Friends of the Practice

Friends of the Practice


It’s not too late to book your flu vaccination. If you are in an eligible group, ask at reception. Patients who are not in eligible groups can obtain vaccination privately at The Wimborne Travel Clinic which is situated in The Quarter Jack Surgery – 01202 881693.



The friends committee is able to offer private car transport from home for patients with appointments at the surgery or at local hospitals. Patients can arrange transport through their doctor’s secretary. No charge is made for the service but an affordable donation is requested which goes towards the provision of essential new equipment for the surgery.

Wimborne Minor Injury Unit

01202 856436

For cuts and grazes, sprains, strains and broken limbs, minor head injury, bites and stings, minor burns and scalds

This is a Nurse Led Service

8.30 12.30, 13.30 – 16.00 Mon – Fri

Call at Wimborne Hospital

(no appointment needed)

or telephone for advice.

X-ray available for acute injuries

Serious and life-threatening conditions should attend A & E or dial 999

For Out Of Hours help dial 111


Make sure you are seeing the right person.Many minor conditions and ailments such as hay fever, insect bites, dry skin, conjunctivitis, medication queries and sore throats can be dealt with by your Pharmacist or by one of our Nurse Practitioners. If you need a nursing procedure then you need to see a practice nurse. If you need a travel jab you need an appointment in the Travel Clinic..If you can give our reception staff brief details of your problem or request, they are trained to guide you to the correct person. And if you feel you need to speak to someone about an emotional issue, then throughout England and Wales there is a service called IAPT (Improving Access to Psychological Therapies), which is a free talking therapy service. If you are unsure who to see, ring 111, which is available 24 hours a day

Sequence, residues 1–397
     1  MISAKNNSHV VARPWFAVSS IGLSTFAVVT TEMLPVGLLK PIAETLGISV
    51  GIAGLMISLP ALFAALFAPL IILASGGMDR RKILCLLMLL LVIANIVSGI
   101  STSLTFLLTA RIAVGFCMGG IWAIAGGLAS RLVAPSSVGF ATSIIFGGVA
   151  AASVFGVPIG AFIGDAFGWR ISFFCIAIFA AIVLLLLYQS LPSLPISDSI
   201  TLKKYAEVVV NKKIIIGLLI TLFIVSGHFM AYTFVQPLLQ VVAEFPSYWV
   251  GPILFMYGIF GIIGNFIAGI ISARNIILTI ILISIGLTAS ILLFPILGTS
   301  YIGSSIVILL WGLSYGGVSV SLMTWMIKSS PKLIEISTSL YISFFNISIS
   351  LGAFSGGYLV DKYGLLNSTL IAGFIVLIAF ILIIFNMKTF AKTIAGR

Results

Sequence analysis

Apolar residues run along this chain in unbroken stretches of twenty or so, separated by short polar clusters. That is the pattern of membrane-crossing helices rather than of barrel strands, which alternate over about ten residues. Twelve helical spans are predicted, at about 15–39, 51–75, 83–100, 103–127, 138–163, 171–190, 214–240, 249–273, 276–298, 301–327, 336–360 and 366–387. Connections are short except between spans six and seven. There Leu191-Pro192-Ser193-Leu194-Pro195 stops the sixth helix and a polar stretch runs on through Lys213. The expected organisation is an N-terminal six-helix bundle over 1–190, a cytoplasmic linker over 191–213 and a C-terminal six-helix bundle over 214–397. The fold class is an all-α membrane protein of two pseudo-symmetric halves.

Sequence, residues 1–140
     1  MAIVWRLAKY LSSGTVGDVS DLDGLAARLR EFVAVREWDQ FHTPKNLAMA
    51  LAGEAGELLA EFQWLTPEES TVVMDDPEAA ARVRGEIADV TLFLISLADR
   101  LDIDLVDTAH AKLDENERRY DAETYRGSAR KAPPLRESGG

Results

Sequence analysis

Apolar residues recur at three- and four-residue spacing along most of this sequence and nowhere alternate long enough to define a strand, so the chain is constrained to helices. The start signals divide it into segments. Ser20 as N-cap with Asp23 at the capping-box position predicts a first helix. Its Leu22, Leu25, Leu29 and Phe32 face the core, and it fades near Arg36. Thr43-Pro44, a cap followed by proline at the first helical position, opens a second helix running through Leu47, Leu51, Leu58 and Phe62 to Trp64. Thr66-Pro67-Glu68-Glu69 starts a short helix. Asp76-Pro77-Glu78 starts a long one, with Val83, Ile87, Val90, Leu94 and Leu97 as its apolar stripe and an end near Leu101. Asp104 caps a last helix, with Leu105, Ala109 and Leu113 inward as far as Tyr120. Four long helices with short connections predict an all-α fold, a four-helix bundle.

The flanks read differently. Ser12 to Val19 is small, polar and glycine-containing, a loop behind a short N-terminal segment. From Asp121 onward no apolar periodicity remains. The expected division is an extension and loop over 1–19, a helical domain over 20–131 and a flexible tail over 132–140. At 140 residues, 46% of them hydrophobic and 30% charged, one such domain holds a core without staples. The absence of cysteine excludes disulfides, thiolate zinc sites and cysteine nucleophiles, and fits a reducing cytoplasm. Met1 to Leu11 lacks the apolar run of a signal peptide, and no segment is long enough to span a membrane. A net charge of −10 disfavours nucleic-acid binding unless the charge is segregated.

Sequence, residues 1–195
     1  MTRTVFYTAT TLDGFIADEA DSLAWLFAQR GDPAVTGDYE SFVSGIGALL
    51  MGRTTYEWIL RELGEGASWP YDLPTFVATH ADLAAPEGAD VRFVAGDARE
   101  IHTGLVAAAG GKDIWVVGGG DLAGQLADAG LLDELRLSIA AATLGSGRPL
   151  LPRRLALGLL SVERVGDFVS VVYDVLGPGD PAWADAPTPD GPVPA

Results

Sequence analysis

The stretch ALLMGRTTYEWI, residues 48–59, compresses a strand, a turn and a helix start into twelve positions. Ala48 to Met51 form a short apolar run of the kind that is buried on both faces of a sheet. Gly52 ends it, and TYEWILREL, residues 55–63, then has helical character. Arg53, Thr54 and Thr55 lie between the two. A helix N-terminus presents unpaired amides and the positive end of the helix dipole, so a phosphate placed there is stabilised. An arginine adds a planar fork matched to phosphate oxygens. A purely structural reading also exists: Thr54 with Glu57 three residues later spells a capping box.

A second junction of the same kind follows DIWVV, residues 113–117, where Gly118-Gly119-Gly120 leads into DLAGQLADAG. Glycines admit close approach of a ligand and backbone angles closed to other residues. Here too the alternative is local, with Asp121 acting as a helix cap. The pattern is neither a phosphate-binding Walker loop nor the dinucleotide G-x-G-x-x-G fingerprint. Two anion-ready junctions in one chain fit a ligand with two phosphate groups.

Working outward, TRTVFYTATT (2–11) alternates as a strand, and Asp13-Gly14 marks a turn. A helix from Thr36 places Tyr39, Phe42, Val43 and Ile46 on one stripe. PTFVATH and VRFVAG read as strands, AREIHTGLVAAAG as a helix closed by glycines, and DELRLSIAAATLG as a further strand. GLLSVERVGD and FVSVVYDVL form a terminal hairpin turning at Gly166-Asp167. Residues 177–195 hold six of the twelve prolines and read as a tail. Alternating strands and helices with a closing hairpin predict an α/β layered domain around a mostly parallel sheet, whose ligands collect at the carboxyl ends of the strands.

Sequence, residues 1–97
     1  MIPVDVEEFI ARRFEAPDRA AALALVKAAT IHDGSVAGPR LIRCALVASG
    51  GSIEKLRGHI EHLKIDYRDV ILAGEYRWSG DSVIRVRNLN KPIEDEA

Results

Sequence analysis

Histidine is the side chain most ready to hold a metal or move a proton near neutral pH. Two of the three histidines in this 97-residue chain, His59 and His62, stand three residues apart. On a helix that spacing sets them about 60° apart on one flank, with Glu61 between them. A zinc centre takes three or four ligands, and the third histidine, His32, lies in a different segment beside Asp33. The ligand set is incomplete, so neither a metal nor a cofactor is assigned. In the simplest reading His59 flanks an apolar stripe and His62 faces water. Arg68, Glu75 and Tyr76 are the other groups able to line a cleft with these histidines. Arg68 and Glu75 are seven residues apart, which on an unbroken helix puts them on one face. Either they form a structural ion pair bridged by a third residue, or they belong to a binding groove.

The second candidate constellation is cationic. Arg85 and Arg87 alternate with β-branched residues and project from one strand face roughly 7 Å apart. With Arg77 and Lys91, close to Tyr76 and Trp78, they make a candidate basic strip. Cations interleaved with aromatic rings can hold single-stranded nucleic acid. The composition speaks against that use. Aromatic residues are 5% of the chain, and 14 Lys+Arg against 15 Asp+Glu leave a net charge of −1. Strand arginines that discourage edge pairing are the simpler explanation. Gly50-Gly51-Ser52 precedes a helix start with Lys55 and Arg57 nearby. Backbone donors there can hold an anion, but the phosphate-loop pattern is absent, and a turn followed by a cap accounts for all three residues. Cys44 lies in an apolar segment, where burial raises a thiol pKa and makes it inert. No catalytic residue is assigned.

So if you do decide you need to be seen, how can you get the most out of an appointment?

Turn up on time. GPs run late but if you are late, then your ten-minute slot has gone and it may mean a rushed or fruitless appointment.

Feel free to bring a friend or relative.It can be helpful to have someone with you for support. Patients under the age of 14 should be accompanied by a parent or guardian.

Get it all out at the start. Write down what you want to discuss beforehand. If you have two items to discuss, list them at the beginning rather than saying, ‘Ooh, while I’m here…’ If you list them at the start, the GP can plan out the time.

Get to the point. The quicker you mention why you’re there, the more time the GP has to deal with your problem. This can be quite difficult with emotional problems, as some people find it hard to open up, but as for the rest, it’s best to get on with it. The GP will tease out what he or she needs from you in terms of more information.

Bring your diary. First, you can jot down notes as an aide-memoire. Second, if you can tell us exactly what happened and when, that makes our job much easier. And do tell the GP what you have tried, e.g. ‘I took paracetamol and it didn’t help…’ Certain words to describe your symptoms may help us identify the problem more quickly. Is your pain dull or sharp? Does it burn or throb? Does your headache feel like a tight band or is it sharp and stabbing? What are you unable to do?

Be prepared to be examined.Please wear clothing that is easy to remove.

Ask questions. If you don’t understand something, ask the doctor.

Make use of the primary care team. The GP is only a cog in the large well-oiled machine that is a GP surgery. You’ll save him/her and yourself a lot of time if you pick the right part of that machine. Chasing a referral to the hospital? Ring the hospital secretary. Need a blood pressure check? Maybe you could see the nurse. Need to see a counsellor? Ask reception if you can refer yourself. Worried about your toddler’s weight? See the health visitor first. Many services do not need you to see the GP.

Don’t expect us to solve everything in one visit. We live in a convenience culture, but medicine can be a complex business. Occasionally, you will need to wait for referrals to a specialist or try a treatment to see how you get on.

Don’t assume you can have what you want. NHS general practice was set up to deal with people’s health care needs. The rise of consumerism, medical advances and private clinics have meant that patients ask for some tests or procedures that aren’t clinically necessary or that there isn’t enough evidence to support with taxpayers’ money.

Don’t think that seeing patients is all a GP does. You may find your GP often runs late. This may be because he/she is on the phone to another doctor, admitting someone to hospital, or getting constant interruptions — home visit requests, prescription amendments, urgent messages about patients from relatives, safeguarding issues, calls from the hospital or coroner, queries from a pharmacist, urgent letters and results. Surveys indicate that GPs and patients would like longer appointments, but until the national shortage of GPs is addressed this will be difficult to achieve.

Finally, please don’t ask us about your teeth — we didn’t go to dental school…